OK, Metz isn’t an alcopop any more but it used to be. In the UK anyway. It tasted of flat lemonade and I think it had vodka in. Anyway, this is not that Metz. This one is much older and still here, and a good thing too as it’s another place well worth a day or so of your touristy time and a roll of film.
I strolled into town and the first major building I noticed was the huge railway station. It looks positively ancient, but is apparently only just over 100 years old, built by Germans when the town was under their control. Metz has changed hands a few times over the years! It’s a fantastic building with a cathedral-like structure and related carvings on the front.
Out front is a very impressive flower display. If you pop into the station there are some stairs which lead to a balcony on the front so you can get an aerial view of the layout below and see the shapes made by the various plants. Pretty cool. There’s a video of the view on YouTube.
My hostess picked me up from the station and drove me to her flat where we had some dinner and I collapsed for the night after repairing her laptop. I had one day to be a tourist the next day and, with LaurÃ¨ne as my guide, wandered the (rainy) streets of Metz. We stopped at tourist information for a souvenir map where I was informed that there are several walks around Metz. All of these are marked by golden triangles in the ground which guide you on your chosen route. The map had information on each place along the walks.
Most of the buildings are made of a yellow stone, from the cathedral to the shops. It’s a local stone and makes the city look like it’s under a permanent street lamp. The aforementioned cathedral is the first thing we saw and it’s pretty much into the “huge” category – apparently one of the largest in France. Like Nancy, Metz has been spending some cash on restoration and cleaning. The cathedral is spotless in the areas where they’ve finished and the work seems to be continuing. Very impressive, very tall, very well decorated and with some lovely stained glass windows inside. As ever, I’m not remotely religious but it amazes me what people can build when they put their minds to it. Even if the building takes them 200 years.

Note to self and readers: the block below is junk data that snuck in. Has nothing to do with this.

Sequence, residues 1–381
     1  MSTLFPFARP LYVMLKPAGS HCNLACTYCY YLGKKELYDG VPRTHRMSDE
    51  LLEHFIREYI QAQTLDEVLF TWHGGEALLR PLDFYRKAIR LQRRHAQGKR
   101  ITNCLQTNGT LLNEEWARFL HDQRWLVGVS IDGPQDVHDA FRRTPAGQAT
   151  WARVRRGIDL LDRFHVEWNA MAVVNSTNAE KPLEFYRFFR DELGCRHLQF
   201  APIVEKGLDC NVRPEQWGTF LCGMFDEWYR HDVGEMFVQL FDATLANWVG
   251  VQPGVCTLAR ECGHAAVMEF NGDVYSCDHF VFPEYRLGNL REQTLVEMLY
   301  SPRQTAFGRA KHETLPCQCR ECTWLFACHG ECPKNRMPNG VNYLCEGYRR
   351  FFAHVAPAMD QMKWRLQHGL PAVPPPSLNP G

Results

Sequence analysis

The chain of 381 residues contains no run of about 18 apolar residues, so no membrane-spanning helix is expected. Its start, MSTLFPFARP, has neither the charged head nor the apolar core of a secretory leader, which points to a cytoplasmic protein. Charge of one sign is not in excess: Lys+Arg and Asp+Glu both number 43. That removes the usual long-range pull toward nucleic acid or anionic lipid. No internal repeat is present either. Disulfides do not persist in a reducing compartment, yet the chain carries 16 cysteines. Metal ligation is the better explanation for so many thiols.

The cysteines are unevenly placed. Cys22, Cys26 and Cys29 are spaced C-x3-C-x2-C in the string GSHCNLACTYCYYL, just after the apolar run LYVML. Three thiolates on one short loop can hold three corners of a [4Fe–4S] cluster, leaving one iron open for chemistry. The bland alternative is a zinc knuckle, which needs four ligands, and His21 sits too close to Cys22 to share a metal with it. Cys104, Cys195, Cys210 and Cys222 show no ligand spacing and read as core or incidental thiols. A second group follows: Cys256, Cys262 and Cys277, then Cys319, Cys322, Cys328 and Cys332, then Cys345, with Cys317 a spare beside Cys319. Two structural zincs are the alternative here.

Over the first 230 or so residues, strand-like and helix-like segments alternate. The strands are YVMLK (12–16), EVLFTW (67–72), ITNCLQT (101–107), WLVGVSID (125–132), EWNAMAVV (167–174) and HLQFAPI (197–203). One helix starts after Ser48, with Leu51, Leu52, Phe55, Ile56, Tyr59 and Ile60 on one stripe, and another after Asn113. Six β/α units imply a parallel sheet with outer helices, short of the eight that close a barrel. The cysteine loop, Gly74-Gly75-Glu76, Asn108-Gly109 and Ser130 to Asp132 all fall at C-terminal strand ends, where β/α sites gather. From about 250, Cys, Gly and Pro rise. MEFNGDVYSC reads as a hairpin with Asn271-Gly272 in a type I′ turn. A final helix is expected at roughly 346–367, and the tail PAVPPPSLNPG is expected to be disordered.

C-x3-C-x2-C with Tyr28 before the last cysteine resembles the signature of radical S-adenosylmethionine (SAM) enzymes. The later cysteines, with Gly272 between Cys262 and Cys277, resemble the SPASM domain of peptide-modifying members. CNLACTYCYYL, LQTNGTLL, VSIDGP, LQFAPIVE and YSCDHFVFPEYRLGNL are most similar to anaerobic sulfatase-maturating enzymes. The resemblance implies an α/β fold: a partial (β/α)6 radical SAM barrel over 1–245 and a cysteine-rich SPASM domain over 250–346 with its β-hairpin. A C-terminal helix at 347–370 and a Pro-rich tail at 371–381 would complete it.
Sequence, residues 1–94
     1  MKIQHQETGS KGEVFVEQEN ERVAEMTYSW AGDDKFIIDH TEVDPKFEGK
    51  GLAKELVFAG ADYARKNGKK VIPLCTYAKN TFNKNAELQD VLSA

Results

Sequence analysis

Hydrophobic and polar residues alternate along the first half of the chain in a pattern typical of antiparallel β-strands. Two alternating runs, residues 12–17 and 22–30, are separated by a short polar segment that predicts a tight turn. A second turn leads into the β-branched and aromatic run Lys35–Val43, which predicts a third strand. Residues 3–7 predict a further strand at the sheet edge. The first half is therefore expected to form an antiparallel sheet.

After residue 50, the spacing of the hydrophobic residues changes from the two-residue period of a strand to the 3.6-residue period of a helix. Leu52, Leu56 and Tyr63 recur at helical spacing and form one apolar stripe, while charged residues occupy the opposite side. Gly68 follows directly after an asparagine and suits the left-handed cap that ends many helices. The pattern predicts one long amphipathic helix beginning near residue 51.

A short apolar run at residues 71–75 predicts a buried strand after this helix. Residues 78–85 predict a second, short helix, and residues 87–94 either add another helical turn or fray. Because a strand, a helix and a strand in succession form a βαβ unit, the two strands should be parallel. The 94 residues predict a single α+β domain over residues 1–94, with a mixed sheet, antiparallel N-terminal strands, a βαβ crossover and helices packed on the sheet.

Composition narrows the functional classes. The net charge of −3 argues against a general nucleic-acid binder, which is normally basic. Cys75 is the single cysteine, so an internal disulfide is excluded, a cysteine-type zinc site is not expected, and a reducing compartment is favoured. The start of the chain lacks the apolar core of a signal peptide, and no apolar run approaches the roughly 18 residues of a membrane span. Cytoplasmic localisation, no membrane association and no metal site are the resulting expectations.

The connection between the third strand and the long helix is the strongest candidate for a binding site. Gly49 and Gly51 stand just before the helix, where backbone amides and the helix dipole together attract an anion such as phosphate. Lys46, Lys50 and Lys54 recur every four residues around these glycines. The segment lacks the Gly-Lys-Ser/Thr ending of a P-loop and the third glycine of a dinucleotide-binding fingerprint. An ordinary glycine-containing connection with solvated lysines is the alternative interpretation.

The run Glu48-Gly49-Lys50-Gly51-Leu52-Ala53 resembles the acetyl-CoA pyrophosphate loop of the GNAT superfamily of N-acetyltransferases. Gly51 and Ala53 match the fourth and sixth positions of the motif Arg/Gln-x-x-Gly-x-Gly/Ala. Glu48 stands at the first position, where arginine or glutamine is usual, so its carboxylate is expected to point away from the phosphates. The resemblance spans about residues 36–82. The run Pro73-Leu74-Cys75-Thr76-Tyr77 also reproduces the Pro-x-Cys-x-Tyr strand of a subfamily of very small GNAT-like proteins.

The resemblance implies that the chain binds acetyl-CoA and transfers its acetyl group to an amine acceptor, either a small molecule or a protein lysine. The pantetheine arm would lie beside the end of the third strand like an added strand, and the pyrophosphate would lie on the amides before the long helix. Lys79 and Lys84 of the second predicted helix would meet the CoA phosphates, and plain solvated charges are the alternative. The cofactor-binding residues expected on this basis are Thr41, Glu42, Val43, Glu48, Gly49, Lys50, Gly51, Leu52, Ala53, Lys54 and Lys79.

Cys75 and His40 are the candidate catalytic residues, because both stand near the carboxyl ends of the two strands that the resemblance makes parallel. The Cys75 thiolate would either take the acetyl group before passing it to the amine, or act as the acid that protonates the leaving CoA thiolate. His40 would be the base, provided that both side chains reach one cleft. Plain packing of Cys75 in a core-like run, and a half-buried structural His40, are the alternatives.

From there, we found a park and some fountains which reminded me – on a smaller scale – of some of the Italian ones. The rain came down and we scurried into a shopping mall where I browsed through a book shop. A curious French hobby is collecting hardback comic books. Some of them look fantastic, though they’re not cheap at around seven quid for a 40-page story. There are thousands of these things and I wish they were in English so I could curl up and read through them!
As the rain eased, we headed for a pub where we’d arranged to meet Patricia and Lionel, two more couchsurfing hosts from the city. Patricia took us to a nearby pub where she seemed to know all the staff and regulars (good girl!). We enjoyed a couple of drinks and a good chat before Patricia had to leave. The remaining three of us finished our drinks, I admired the paintwork in the lavatories (very curious – cartoon willies jumping off cliffs) and we set off to see the city by night.
And what a sight. All the major buildings are lit up beautifully allowing for some great photos. The Temple Neuf which sits on bank where two parts of the river rejoin after flowing around an island has to be seen to be believed. The cathedral is also, obviously, lit up. A shame they had to build houses and shops in Metz as there’s no complete view of the building from a distance!
Lionel kindly drove us back to LaurÃ¨ne’s where we had a late dinner, watched some American TV shows in French and I unfolded my couch once more.
Again, I have had a great time and met some wonderful, generous people. Thanks to you all for making this visit even better than I’d hoped!